Guided by the EVT (Wigfield and Eccles, 2000; Eccles, 2009), this study focused on examining in Chinese university EFL undergraduate students the interplay between English language self-efficacy, English enjoyment, technology-based SRL strategies, and their English learning outcomes. The students’ English learning outcomes in this study refer to their score they obtained in the National College English Test-Band 4 (CET-4). In line with the expectancy and value theory perspective and empirical studies discussed above, the research model in Figure 1 proposes that both English language self-efficacy and English enjoyment influence technology-based SRL strategies which in turn influence students’ English learning outcomes, and that English enjoyment is hypothesized to predict students’ English language self-efficacy.
Figure 1. Hypothesized structural model of the relationships among technology-based SRL strategies, English language self-efficacy, English enjoyment, and English learning outcomes (i.e., CET-4 score). SRL strategies, technology-based self-regulated English learning strategies; MRS, motivational regulation strategies; GS, goal setting and planning; SS, social strategies; TE, technology-based English song and movie learning; TV, technology-based vocabulary learning.
Five research questions were thus addressed in this study:
1. What are the reported types and frequencies of Chinese university EFL students’ technology-based SRL strategies?
2. How do different types of technology-based SRL strategies contribute to EFL students’ English learning outcomes?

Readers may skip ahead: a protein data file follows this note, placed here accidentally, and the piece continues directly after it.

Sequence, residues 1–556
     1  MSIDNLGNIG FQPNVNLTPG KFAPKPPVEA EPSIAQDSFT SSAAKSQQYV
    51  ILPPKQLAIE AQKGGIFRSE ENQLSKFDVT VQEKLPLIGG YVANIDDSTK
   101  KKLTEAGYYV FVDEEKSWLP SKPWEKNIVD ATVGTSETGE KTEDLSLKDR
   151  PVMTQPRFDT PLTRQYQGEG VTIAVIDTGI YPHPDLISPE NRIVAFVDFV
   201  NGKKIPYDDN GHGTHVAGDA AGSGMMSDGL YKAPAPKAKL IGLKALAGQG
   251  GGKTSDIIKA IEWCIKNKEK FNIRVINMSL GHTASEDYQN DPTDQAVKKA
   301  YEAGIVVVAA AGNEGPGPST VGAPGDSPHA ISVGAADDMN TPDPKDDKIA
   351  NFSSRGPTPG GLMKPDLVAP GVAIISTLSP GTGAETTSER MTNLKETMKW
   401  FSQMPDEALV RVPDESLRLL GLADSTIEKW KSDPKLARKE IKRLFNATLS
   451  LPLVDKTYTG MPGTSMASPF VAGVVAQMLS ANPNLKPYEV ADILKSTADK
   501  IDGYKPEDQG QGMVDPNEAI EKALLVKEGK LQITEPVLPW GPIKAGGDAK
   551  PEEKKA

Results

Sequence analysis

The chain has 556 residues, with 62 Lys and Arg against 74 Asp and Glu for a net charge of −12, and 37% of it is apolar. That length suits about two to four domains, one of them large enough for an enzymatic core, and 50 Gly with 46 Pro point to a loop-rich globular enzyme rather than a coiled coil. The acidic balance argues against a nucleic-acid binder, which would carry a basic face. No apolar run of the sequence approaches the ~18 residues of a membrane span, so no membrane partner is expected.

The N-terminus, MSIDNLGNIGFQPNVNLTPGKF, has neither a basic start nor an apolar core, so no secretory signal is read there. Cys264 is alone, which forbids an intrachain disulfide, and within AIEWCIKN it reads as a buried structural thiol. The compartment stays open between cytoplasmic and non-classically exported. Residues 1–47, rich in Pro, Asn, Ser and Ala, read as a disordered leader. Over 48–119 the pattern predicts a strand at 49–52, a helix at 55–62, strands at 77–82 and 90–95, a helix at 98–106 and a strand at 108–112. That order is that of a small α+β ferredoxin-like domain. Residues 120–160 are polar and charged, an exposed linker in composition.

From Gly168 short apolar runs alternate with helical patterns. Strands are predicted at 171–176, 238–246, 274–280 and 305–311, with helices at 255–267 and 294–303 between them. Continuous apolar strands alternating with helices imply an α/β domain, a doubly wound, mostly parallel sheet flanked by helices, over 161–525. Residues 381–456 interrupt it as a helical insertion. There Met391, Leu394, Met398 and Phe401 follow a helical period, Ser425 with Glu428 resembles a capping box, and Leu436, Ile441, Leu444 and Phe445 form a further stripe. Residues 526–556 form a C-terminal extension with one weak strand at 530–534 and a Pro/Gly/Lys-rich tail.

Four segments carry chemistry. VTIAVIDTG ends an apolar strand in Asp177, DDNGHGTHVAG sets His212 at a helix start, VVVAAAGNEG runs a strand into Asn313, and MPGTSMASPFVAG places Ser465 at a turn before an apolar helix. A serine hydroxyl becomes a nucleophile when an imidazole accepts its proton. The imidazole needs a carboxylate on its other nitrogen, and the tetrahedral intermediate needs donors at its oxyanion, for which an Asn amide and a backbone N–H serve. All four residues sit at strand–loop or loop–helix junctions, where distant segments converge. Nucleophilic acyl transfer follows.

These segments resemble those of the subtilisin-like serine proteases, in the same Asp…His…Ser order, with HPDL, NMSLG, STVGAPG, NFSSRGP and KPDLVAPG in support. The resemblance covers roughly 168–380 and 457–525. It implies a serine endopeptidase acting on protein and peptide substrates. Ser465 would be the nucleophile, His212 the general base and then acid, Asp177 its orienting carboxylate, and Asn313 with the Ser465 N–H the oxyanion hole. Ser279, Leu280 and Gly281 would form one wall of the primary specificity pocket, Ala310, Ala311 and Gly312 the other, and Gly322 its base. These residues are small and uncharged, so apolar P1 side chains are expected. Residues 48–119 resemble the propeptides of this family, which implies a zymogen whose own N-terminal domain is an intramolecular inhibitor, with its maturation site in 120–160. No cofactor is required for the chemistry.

3. How does students’ English language self-efficacy associate with technology-based SRL strategies?
4. To what extent does English enjoyment correlate with technology-based SRL strategies?
5. What are the relationships among students’ English language self-efficacy, English enjoyment, technology-based SRL strategies, and English learning outcomes?
In order to answer the research questions, and based on the analysis of the literature, the following hypotheses are established accordingly:
H1: Different types of technology-based SRL strategies display differential associations with English learning outcomes.
H2: English language self-efficacy positively predicts technology-based SRL strategies.
H3: English enjoyment positively predicts technology-based SRL strategies.
H4: English enjoyment positively predicts students’ English language self-efficacy.
H5: There is a significant positive relationship between the use of technology-based SRL
strategies and English learning outcomes.
Materials and Methods
A total of 525 undergraduate students forming a volunteer multidisciplinary sample from a university in Northern China were recruited. All participants were first-year and second-year undergraduate students, whose age ranged from 17 to 25 (M = 20.50, SD = 7.97). Most participants were majoring in accounting, finance, auditing, and management. Thus, female students (n = 377) outnumbered male students (n = 148). At the time of data collection, all the students had received formal English education for over 6 years and experienced College Entrance Examination in mainland China. English is a compulsory course for first-year and second-year students in the university where English teachers and students meet in class for 3–4.5 h per week in classrooms. All students in the university were required to pass CET4 before graduation.
Procedure for Data Collection